On Friday, January 20th, the 21st Century Japan Politics and Society Initiative (21JPSI*) kicked off its Spring 2023 in-person multidisciplinary speaker series with a lunchtime talk by Indiana University’s own Prof. Hilary Holbrow, Assistant Professor of Japanese Politics and Society in the Hamilton Lugar School’s EALC Department. A sociologist by training, Prof. Holbrow’s scholarship examines social and economic inequality, work and organizations, immigration, and the intersections of gender, race, and ethnicity—with a particular focus on contemporary Japan. Her talk was co-sponsored by the East Asia Studies Center’s Faculty Colloquium series.
Roughly 30 IU faculty and students gathered to hear Prof. Holbrow speak on the topic of “(In)visible Inequalities: Gender and Ethnic Inequality in Japanese Firms,” which explored how various subgroups of “Asian” and “Western” workers fare in major Japanese firms relative their Japanese counterparts with comparable skills and experience. Prof. Holbrow’s study found that high levels of education and multilingualism were common across all immigrant groups, but that many foreign workers articulated “concerned uncertainty” about their chances of earning promotion due to cultural and linguistic barriers that put them at a disadvantage. She also noted that while Japanese women generally expressed less confidence about their prospects for promotion in comparison to Japanese men, this discrepancy was not present between Asian men and women, who tended to view foreign background as a greater disadvantage than gender. However, based on earnings data, Prof. Holbrow observed that while a foreign penalty was present among the firms that participated in the study, gender remained a far sharper dividing line than immigrant background. For example, though the Asian men surveyed were often able to overcome penalties associated with foreign background through overachievement, this was not true for Asian or Japanese women with comparable skill sets. In addition, Western men demonstrated higher outcomes than even Japanese men in terms of annual income. Finally, Prof. Holbrow argued that mitigating gender inequality in Japanese firms would go far toward reducing barriers for immigrant workers, many of whom face both gender and foreign penalties.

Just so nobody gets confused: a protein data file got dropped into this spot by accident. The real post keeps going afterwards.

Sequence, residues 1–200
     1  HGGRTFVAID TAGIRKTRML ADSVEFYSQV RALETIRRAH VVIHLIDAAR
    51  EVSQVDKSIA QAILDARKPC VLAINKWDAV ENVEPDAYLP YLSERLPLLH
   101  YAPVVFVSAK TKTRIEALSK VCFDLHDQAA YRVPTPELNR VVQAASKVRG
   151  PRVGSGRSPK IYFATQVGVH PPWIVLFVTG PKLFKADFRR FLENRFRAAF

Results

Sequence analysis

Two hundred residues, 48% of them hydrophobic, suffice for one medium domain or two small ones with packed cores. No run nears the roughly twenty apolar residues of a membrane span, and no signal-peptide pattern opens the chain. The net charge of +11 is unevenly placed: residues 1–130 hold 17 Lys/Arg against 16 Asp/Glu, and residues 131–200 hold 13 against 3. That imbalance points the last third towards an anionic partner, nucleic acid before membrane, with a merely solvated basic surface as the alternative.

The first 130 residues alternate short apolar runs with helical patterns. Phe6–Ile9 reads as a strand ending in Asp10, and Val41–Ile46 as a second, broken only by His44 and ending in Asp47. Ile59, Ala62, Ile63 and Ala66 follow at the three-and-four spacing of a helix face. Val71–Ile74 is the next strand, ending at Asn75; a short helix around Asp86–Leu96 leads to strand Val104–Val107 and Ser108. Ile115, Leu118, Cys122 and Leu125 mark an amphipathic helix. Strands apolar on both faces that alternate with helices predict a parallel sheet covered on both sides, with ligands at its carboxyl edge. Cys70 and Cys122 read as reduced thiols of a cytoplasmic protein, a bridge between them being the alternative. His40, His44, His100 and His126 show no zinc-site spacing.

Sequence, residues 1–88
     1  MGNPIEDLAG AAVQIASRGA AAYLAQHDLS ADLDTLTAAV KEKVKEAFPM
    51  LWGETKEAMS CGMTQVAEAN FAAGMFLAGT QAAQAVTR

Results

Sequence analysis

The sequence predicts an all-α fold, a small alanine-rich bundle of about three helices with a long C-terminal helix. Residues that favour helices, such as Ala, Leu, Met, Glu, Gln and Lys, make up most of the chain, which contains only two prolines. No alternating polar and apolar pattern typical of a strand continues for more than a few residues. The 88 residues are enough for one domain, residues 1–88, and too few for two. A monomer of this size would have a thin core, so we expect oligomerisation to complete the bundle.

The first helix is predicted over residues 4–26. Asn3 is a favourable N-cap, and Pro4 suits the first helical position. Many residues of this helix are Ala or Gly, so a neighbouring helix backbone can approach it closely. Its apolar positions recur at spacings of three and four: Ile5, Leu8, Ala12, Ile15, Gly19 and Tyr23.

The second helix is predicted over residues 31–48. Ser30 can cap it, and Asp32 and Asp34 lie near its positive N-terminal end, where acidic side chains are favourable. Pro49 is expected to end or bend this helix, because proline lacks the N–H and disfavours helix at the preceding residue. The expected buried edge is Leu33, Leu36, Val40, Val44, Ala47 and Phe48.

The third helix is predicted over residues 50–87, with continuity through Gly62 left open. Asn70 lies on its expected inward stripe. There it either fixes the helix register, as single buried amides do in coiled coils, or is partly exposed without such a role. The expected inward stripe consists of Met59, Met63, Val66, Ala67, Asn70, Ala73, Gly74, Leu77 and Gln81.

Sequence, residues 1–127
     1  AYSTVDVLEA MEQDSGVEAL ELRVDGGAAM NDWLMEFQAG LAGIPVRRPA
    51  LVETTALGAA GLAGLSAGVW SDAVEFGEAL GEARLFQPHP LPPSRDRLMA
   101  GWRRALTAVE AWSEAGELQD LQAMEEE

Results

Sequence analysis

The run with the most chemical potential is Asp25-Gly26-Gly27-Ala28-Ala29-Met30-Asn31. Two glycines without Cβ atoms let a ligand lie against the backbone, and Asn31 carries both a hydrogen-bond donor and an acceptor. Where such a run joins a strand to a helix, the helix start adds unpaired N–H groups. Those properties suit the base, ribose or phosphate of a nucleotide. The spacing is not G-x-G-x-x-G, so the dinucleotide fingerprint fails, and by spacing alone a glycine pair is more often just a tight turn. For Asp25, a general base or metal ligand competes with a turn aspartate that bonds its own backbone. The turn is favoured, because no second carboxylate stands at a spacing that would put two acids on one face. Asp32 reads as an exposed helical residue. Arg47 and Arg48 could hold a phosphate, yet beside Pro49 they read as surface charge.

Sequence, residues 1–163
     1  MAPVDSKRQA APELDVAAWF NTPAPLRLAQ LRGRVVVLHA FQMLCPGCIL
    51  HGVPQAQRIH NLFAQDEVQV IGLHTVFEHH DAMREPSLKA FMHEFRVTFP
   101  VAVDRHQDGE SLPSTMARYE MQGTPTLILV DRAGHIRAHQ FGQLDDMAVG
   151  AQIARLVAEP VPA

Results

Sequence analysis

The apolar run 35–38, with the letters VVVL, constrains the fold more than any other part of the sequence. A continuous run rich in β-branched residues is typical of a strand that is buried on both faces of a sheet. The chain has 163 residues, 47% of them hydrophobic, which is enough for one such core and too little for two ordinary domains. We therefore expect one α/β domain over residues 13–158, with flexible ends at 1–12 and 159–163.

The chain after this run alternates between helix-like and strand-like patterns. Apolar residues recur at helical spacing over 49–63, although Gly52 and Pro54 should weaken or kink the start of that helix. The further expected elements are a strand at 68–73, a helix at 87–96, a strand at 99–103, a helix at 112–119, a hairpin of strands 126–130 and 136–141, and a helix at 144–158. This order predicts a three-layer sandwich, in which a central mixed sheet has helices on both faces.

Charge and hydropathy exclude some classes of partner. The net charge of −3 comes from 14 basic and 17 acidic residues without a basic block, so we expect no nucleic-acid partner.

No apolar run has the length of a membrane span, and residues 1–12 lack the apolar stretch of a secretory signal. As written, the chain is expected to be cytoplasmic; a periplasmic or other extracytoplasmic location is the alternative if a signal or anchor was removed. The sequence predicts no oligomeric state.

After concluding her remarks, Prof. Holbrow fielded a wide array of questions from faculty and students on topics ranging from the corporate culture of the study’s participating firms to the gender breakdown of survey respondents.
*The 21st Century Japan Politics and Society Initiative (21JPSI) was launched at Indiana University’s Hamilton Lugar School of Global and International Studies in 2018. Under the leadership of Founding Director and HLS faculty member Adam Liff, 21JPSI aims to invigorate and expand research, teaching, and programming on contemporary Japanese politics, society, and international (esp. U.S.-Japan) relations, and to educate, raise awareness, and debate policy responses to the various political, social, and foreign policy challenges that Japan faces in this extremely dynamic era of 21st-century change. Seeded by a generous $900,000 grant from the Japan Foundation, in its first five years 21JPSI has enabled a new tenure-track faculty line in contemporary Japanese politics and society; facilitated the creation of four new courses on contemporary Japan; launched a new multidisciplinary speaker series on Japanese Politics and Society, national conferences and webinars on U.S.-Japan relations, and academic manuscript workshops; and funded graduate fellowships and faculty travel grants to support field research in Japan. For more information, please see https://jpsi.indiana.edu/ or write to firstname.lastname@example.org.